Honk for Jesus. Save Your Soul.” puts a fictitious Atlanta megachurch, Wander to Greater Paths Baptist Church, front and center per the pastor’s request, and he and his wife look bad from every angle.

Written and produced by Adamma Ebo and executive produced by Jordan Peele, the dark comedy premiered on Peacock and in theaters on September 2.

A “mockumentary” that doubles as a scathing rebuke of the flashing lights and flashy suits version of American Christianity, it is not “just a movie.”

It is social commentary and a critique of the Black church as enterprise. It is a look into the larger-than-life personality of a megachurch pastor and his wife, who will sell their souls to continue as the main attraction.

It is what happens when the pastor is lifted up as the shining example, when church attendance becomes a numbers game, and when following Jesus is synonymous with following the money.

But, first, follow “Pastor in Prada,” Lee-Curtis Childs, played by Sterling K. Brown, who has fallen from grace due to a sex scandal.

He and his wife, First Lady Trinitie, played by Regina Hall, are down to the remaining members, who can be counted on one hand — literally. The church’s membership has fallen from 26,000 members to “the devout five.” Pastor Childs (Brown) calls them, “the real followers.”

To get the numbers up, the couple decides to hire a documentary film crew to follow them around, recording their ultimate comeback. While Pastor Childs is ready for “showtime” and fails at an attempt to play to the camera, First Lady Trinitie (Hall) is not convinced that this is a good idea and works to protect her husband’s image — something she is used to doing.

But who he is to the community, former church members and ministry colleagues is never in question, and neither is his sexuality.

Described as an expression of “his generosity” by his wife, Childs’ hypocrisy — preaching about “the homosexual agenda” as the enemy to Christian marriages while using his pastoral position and monetary gifts to groom young boys into power-imbalanced sexual relationships with him — will cost the couple everything.

However, the husband-and-wife team believe they just need to get cleaned up, which is not to be confused with Pastor Childs cleaning up his act. No, just baptize him again, and then let’s play dress up. New suit, new hat and things will go right back to business as usual.

Pastor Childs doesn’t need to apologize because this is the devil’s doing and besides, God doesn’t call perfect people. First Lady Trinitie says, “It’s in the past.” “The devout five,” his “Amen corner,” agrees that the boys were “grown enough.” It was legal and solely a legal matter now.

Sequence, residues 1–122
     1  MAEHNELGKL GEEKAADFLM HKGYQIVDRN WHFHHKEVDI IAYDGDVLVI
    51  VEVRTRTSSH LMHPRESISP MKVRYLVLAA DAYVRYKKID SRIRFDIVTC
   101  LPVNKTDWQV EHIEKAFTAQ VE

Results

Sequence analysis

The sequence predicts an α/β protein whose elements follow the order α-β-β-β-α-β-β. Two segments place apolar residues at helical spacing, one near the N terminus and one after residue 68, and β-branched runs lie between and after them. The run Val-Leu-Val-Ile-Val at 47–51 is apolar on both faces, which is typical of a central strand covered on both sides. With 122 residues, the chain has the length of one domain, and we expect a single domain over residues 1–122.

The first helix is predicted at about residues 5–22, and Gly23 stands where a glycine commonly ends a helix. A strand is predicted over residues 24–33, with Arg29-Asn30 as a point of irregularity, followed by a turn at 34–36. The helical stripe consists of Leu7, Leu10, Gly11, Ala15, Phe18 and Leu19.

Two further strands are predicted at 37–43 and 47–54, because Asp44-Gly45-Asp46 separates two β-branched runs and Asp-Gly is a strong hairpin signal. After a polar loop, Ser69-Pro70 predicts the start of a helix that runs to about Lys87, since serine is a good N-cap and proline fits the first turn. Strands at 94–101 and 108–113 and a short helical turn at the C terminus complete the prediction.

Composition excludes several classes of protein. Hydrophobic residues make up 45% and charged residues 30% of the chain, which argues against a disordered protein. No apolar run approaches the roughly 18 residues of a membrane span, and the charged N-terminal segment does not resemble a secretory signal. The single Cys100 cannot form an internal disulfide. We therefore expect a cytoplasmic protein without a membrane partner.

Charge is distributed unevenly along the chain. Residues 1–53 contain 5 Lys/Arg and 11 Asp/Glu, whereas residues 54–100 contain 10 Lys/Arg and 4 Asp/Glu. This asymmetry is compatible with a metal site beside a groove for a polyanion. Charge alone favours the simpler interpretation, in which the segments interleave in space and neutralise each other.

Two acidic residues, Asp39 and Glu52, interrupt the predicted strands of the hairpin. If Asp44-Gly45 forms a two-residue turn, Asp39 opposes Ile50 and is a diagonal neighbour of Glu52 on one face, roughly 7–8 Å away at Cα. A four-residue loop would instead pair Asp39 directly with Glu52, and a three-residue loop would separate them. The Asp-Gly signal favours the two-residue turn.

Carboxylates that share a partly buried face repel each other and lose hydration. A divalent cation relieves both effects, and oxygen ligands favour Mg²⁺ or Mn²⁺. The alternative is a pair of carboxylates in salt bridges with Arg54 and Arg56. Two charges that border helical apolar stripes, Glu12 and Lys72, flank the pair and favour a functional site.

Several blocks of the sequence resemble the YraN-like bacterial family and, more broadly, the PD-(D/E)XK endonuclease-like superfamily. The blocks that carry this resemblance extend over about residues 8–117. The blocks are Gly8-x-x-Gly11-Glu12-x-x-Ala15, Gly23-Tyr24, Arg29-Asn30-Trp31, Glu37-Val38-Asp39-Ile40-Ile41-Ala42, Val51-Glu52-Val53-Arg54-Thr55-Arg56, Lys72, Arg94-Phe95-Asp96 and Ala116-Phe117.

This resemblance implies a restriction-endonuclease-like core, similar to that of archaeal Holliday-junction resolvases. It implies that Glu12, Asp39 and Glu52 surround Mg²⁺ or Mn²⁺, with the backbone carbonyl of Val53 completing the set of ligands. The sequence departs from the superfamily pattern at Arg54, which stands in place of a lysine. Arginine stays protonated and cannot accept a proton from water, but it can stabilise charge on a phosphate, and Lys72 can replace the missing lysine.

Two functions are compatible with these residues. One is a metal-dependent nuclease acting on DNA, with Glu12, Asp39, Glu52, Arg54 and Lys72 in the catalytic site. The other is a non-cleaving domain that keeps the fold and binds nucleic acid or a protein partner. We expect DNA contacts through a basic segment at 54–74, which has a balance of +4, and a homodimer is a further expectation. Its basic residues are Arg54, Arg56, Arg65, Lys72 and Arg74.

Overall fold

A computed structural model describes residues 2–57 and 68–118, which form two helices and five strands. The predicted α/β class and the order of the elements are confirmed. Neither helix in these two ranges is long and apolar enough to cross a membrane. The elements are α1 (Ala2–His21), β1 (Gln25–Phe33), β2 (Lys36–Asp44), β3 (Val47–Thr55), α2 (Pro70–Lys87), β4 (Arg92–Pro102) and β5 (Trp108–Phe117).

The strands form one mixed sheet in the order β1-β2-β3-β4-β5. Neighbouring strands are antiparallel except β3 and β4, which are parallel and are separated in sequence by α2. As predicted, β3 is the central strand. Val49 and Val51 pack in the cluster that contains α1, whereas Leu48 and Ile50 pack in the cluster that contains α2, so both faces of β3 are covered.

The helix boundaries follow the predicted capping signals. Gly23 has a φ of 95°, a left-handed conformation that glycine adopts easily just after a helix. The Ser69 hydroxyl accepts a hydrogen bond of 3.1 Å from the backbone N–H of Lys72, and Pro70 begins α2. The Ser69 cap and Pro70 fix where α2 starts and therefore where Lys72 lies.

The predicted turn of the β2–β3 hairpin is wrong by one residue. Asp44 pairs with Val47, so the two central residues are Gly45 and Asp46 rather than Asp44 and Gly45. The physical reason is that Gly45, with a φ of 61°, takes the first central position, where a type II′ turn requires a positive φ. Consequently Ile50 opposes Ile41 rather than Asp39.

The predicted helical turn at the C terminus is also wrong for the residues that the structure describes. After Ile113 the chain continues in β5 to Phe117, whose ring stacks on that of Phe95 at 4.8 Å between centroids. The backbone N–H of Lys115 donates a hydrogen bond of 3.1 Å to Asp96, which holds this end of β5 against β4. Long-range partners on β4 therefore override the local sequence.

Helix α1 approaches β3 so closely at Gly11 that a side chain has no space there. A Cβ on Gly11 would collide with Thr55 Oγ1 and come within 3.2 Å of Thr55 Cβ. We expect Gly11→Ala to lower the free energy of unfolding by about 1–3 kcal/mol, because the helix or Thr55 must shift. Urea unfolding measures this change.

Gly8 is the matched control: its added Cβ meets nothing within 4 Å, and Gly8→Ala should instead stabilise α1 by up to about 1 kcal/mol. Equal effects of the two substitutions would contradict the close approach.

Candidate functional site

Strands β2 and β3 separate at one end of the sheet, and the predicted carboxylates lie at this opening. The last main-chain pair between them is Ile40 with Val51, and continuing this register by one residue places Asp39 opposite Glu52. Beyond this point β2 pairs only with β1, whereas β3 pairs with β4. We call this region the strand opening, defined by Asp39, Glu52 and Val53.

Slate wiped clean, the Childses will debut themselves as brand new on Easter Sunday, which creates a conflict and a competition with Heaven’s House Baptist Church, now full of their former members.

Led by Pastors Keon and Shakura Sumpter, played by Conphidance and Nicole Beharie, Heaven’s House planned to open a new location on the same day. But their ministry is not new or an improvement; the ministry couples are just switching places to offer more of the same.

Empowered by the large influx of new members, the Sumpters are sure that the Childses need Jesus’ resurrection more than they do.

With Pastor Lee-Curtis holding a bullhorn and First Lady Trinitie holding up a sign on the side of the road that reads, “Honk for Jesus,” the couple will do anything for a crowd and, in turn, become a sideshow attraction. All they need are red noses.

First Lady Trinitie is not saved from embarrassment but continues to “stand by her man” to save face. She has her doubts and seeks her mother’s counsel, but ultimately stays in her place.

The movie is a glaring example of the toxicity of patriarchy, the delusions of greed, the rampant abuse of power in too many churches and what happens when the pulpit is viewed as the seat of it.

It is also a hard look at aesthetic righteousness and a racialized gospel, wherein Pastor Childs claims, “God favors those who favor him” — both physically and spiritually. “I mean check me out. Don’t it look like I favor the Lord?” asks Childs.

Because all he can see are dollar signs, Childs doesn’t seem to care that he has crossed the line. He thinks salvation is a business, that he has only lost customers, but it never crosses his mind that he could lose his own soul (Matthew 16:26).

First Lady Trinitie is keenly aware of the cost and chooses her church position. Not concerned about their relationship with Jesus, we see that he was only a prop.

“Honk for Jesus” may be hard to look at, but it is a picture-perfect depiction for viewers who are weary of the prosperity gospel and ready to call this version of the American church and its hypocrisies on its red carpet.

MPAA Rating: R for language and some sexual content.

Director: Adamma Ebo

Writer: Adamma Ebo

Cast: Regina Hall as Trinitie Childs; Sterling K. Brown as Lee-Curtis Childs; Nicole Beharie as Shakura Sumpter; Conphidance as Keon Sumpter; Austin Crute as Khalil; Devere Rogers as Basil.

The movie’s website is here.

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